The new limits on hours that physicians-in-training can work will prove costly for U.S teaching hospitals, which will need to spend up to $1.3 billion a year, and possibly more, to effect the changes, a new UCLA study suggests.
On July 1, the Accreditation Council for Graduate Medical Education (ACGME), the national body charged with overseeing the training of junior doctors as they complete their specialty training, put into effect strict duty-hour limits on interns and medical residents and instituted related changes to the training environment.
These reforms are intended to reduce medical errors by physicians-in-training at teaching hospitals that result from fatigue due to long work hours, though the changes do not assure a reduction in error rates.
The new UCLA study, published online in the Journal of General Internal Medicine, estimates that teaching hospitals nationwide will have to spend an aggregate $400 million to $1.3 billion each year to carry out the new hour limits and related changes. But some hospitals might have trouble coming up with the money to do it.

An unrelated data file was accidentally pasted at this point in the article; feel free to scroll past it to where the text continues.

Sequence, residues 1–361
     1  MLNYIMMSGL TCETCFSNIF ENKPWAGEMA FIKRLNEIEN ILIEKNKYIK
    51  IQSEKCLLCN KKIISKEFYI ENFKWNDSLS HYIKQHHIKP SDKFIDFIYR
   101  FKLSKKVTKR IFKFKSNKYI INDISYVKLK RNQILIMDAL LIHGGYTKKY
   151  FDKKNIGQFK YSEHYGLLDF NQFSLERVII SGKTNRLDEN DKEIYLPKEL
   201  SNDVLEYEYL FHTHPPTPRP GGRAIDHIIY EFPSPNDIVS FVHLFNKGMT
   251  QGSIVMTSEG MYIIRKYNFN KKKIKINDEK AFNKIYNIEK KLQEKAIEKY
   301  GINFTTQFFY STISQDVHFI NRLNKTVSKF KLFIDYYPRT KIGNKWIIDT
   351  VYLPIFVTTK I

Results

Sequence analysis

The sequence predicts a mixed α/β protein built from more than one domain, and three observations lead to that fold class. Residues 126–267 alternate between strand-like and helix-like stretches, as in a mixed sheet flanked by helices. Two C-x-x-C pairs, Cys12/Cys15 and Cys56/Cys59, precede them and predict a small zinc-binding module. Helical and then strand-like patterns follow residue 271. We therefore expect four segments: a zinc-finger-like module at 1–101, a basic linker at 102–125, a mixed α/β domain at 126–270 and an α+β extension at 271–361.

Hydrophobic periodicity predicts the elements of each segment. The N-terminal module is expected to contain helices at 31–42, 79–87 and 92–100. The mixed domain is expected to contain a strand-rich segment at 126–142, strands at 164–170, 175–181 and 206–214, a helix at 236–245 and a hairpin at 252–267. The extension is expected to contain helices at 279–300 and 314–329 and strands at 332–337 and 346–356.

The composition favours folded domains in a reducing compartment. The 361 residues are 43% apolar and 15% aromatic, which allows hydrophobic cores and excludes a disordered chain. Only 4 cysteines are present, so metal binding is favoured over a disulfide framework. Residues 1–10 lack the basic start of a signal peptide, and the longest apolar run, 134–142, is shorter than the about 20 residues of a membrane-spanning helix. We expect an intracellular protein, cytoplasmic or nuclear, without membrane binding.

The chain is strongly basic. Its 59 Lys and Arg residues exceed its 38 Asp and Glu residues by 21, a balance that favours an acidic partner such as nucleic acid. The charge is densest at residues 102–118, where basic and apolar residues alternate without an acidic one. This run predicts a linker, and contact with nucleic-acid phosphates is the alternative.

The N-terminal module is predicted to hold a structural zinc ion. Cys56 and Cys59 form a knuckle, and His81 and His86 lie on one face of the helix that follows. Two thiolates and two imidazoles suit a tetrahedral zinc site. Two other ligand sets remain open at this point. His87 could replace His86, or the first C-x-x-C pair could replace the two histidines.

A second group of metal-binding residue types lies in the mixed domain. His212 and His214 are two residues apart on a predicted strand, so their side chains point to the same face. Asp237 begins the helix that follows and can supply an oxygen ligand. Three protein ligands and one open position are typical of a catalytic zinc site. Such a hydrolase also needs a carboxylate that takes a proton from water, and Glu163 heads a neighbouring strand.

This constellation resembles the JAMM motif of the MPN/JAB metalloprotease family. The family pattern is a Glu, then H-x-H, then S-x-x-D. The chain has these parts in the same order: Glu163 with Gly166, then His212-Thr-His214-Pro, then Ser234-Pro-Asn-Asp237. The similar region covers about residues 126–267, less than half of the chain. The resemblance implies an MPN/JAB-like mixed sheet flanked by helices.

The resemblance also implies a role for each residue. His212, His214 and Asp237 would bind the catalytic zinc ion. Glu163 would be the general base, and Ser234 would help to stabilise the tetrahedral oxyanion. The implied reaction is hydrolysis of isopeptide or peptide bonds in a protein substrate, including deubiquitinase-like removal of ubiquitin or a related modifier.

"Given the effort and money that teaching hospitals are investing in implementing these new duty-hour limits, many people hope that these changes will reduce the numbers of patients being harmed by medical errors, as well as the number of residents falling asleep at the wheel after long hours on duty," said lead study author Dr. Teryl Nuckols, an associate professor of medicine in the division of general internal medicine and health services research at the David Geffen School of Medicine at UCLA. "Our analysis shows that if the reforms are successful, they are likely to be a good value for the money from the societal perspective."
"However, some teaching hospitals may struggle with the cost of implementing the reforms because there is no funding for doing so," she added.
Under the new guidelines, first-year residents, also known
|Contact: Enrique Rivero|
University of California - Los Angeles Health Sciences